There's definitely some evidence to suggest that we as a species have lost our footing in the delicate balancing act that is nature. Most people are almost completely disengaged from where their most basic resources of food, energy, and water actually come from, or the processes by which they are harvested...

In a small 4,000 square foot facility in Englewood, a neighborhood on Chicago's south side, FarmedHere was founded. The arugula and basil they grew were delivered to customers in Ziploc bags.
That was 3 years ago. Now FarmedHere have opened up a location in a 90,000 square foot warehouse in Bedford Park in southwest Chicago, thus earning FarmedHere the title of America's first and largest organic, indoor, vertical farm.

Need a new place to grow and to get your upcycling fix? Kill two birds with one stone by making a pallet garden. They are easy to make; they look neat; and, pallets are generally free. A lot of places will leave pallets lying in stacks along the side of the road for pick up.

The Bronx recently became a little greener with the construction of a new building known as "Arbor House". The $38 million project situated at 770 East 166th Street features 124 units of affordable housing accompanied by a range of green amendments. 

As the plant that often seems to be the central highlight of the summer gardening season for most folks, everyone wants the biggest and shiniest tomatoes possible. So there are no shortage of tips and tricks out there to develop the size and sheen of tomatoes. But most of these tips and tricks only slightly improve the plant's production...

What if I told you that instead of buying small, exorbitantly priced packages of shiitake mushrooms from the store you could easily grow your own? Well, guess what, I am telling you. And, guess what, it is actually really easy. All you need is...

In summer, when there usually isn't enough rain to forgo watering all together and the heat is testing your plants, there is a temptation to inundate your soil with a constant flow of water. And it seems most give in to this instinct, abiding to daily waterings of their gardens without question. But with a lack of rain comes a need for water conservation. And oddly enough, less watering isn't actually counterintuitive to plant health. Just think about the vegetation outside your garden, most of it flourishes even with the reduced rainfall of summer.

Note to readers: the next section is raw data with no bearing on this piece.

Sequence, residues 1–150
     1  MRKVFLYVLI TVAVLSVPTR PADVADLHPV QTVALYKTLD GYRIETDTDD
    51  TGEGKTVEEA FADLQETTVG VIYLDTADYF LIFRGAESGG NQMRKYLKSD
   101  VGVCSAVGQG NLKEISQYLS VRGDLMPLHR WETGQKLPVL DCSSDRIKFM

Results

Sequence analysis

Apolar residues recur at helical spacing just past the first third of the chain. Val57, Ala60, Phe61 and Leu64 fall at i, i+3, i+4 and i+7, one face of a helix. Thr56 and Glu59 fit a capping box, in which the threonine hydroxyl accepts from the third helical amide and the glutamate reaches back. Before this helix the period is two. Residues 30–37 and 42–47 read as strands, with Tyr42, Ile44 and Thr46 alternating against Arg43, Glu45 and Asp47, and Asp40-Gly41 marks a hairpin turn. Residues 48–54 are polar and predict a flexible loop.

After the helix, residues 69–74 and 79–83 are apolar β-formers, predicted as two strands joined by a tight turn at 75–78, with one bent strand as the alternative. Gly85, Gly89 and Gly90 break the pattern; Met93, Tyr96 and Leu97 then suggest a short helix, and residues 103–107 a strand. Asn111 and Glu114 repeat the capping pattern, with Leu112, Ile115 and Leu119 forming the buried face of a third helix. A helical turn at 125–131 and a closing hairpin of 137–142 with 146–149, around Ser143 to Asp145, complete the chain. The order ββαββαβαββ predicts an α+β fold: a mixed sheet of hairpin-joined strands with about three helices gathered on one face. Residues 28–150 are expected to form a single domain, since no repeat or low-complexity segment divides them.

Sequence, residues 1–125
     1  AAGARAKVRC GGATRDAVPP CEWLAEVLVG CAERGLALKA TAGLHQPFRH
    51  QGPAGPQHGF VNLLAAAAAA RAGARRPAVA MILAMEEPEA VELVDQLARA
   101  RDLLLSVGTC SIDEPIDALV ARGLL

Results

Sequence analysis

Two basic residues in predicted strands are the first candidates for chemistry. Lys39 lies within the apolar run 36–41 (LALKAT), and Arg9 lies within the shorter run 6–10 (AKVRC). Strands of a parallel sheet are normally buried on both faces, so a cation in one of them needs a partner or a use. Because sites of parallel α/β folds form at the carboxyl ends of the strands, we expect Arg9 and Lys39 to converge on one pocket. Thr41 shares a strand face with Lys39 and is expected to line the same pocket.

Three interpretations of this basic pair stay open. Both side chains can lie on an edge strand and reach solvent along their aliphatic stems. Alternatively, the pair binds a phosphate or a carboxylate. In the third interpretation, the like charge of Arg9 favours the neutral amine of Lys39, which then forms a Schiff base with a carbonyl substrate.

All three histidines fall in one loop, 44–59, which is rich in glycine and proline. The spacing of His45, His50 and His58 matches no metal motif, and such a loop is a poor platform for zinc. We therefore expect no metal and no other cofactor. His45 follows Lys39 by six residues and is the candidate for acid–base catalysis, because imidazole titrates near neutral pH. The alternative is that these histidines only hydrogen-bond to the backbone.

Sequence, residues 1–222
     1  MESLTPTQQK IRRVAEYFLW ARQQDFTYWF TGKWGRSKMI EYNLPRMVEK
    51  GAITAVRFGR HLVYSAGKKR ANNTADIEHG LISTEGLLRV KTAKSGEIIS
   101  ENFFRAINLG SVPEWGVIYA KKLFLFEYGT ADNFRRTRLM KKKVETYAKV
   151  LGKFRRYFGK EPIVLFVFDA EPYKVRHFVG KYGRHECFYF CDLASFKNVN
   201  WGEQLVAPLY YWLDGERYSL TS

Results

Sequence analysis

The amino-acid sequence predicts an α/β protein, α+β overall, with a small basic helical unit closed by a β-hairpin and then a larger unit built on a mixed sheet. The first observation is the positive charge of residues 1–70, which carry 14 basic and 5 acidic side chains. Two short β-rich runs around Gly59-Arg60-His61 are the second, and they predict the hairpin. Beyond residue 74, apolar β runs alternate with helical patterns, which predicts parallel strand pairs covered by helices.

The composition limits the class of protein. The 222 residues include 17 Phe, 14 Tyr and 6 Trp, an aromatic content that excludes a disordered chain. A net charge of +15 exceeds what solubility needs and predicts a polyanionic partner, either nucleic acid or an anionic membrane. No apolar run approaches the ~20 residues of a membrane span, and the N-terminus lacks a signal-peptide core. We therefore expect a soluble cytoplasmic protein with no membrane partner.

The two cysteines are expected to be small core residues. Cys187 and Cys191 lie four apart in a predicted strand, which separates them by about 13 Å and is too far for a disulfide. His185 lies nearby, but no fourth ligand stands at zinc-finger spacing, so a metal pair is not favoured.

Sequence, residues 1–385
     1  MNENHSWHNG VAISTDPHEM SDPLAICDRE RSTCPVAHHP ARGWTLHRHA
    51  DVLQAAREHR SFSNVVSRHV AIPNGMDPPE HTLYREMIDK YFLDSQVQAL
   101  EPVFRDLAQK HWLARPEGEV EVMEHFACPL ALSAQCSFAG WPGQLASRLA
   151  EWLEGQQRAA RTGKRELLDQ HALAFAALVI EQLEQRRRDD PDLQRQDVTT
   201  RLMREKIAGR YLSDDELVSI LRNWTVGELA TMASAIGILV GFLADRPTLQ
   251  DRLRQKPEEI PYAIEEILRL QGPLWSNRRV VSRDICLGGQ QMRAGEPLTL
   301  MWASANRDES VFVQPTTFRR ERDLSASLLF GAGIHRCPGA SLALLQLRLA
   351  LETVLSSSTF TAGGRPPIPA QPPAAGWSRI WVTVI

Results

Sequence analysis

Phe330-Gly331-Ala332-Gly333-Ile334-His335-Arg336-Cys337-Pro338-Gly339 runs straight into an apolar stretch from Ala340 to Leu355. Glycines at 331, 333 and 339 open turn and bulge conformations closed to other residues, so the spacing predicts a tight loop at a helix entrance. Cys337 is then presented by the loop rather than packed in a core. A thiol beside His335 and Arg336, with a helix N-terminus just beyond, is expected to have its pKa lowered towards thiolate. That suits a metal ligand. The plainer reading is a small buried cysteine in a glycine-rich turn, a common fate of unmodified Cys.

Alright. You've figured out engaging in chemical warfare against the denizens of your garden has the potential to be a most unwise tactic - what with when ALL the bugs are dead, pests reproduce way faster than predators and then you're extra-screwed.

Studies in the past have shown gardening to provide a myriad of benefits, from increasing ones satisfaction with life to simply making people happier. But in case you needed another reason to think gardening is awesome, here's one that could be extra-motivational to get you planting.

Insecticides are substances designed to deter, mitigate, prevent, or utterly decimate insect populations that might otherwise eat and/or damage crops. For millions of years, the job of keeping destructive insects in check was designated to insects of a predatory persuasion. But somewhere between monoculture and industrial agriculture, we turned to synthetic chemicals to do the job. Why? Was it for money? Were we drunk on our technological hubris?